Spatial epidemiology of African swine fever: Host, landscape and anthropogenic drivers of disease occurrence in wild boar.Prev Vet Med 2019; :104691PV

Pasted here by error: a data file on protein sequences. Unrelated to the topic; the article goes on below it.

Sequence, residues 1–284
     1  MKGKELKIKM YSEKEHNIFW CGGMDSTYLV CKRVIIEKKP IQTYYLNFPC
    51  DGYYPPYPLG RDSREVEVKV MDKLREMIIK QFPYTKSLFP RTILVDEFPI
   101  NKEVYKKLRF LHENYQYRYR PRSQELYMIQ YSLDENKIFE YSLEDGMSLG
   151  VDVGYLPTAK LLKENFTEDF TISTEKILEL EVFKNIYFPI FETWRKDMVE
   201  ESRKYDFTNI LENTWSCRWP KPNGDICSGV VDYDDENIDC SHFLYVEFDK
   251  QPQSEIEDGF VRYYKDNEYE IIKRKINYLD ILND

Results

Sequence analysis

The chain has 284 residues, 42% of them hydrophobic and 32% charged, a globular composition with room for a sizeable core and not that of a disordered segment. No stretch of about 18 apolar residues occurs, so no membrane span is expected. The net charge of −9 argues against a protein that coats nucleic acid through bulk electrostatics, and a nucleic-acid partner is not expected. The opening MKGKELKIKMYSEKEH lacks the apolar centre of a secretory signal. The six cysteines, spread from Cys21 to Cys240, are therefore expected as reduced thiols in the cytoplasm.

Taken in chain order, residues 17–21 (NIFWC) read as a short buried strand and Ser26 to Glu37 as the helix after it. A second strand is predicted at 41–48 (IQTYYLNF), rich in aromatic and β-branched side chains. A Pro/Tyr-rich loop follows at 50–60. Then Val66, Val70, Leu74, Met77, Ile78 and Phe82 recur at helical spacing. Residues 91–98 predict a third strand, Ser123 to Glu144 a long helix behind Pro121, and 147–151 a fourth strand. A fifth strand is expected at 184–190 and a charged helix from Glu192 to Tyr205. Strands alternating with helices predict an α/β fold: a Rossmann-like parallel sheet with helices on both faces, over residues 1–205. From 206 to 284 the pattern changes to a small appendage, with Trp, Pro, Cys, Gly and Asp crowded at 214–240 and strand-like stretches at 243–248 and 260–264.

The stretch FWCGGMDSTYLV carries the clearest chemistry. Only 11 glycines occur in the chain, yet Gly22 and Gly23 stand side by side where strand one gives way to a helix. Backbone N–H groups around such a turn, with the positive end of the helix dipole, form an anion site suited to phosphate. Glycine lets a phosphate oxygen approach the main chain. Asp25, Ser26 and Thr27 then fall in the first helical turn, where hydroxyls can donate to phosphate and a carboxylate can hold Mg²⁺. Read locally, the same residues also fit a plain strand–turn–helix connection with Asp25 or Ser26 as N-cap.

Host abundance and landscape structure often interact to shape spatial patterns of many wildlife diseases. Emergence, spread, and persistence of African swine fever (ASF) among wild boar in eastern Europe has raised questions on the factors underlying ASF dynamics in this novel host-pathogen system. This work identifies drivers of ASF occurrence in natural wild boar population. We evaluated factors shaping the probability of ASF-postitive wild boar during the first three years (2014-2016) of the ASF epidemic in Poland. We expected to observe positive effects of wild boar density, proportion of forested area, human activity, and proximity to previous infections on ASF case probability. We tested these predictions using the infection status of 830 wild boar samples and generalized mixed-effects models. The probability of ASF case increased from 3 to 20% as population density rose from 0.4 to 2 ind./km2. The positive effect of population density on ASF case probability was stronger at locations near previous ASF incidents. ASF was more likely to occur in forested areas, with the probability of detecting an ASF positive sample rising from 2 to 11% as forest cover around the sample increased from 0.5 to 100%. This pattern was consistent at both low and high wild boar densities. Indicators of human activity were poor predictors of ASF occurrence. Disease control efforts, such as culling and carcass search, should be focused on high-density populations where chances of detecting and eliminating ASF-positive wild boar are higher. The intensity of control measures should decrease with distance from the infected area to match the observed spatial pattern of ASF case probability. Woodlands represent areas of the highest risk of ASF case occurrence. Distribution and connectivity of suitable habitats over the landscape can be used to prioritize disease-management actions.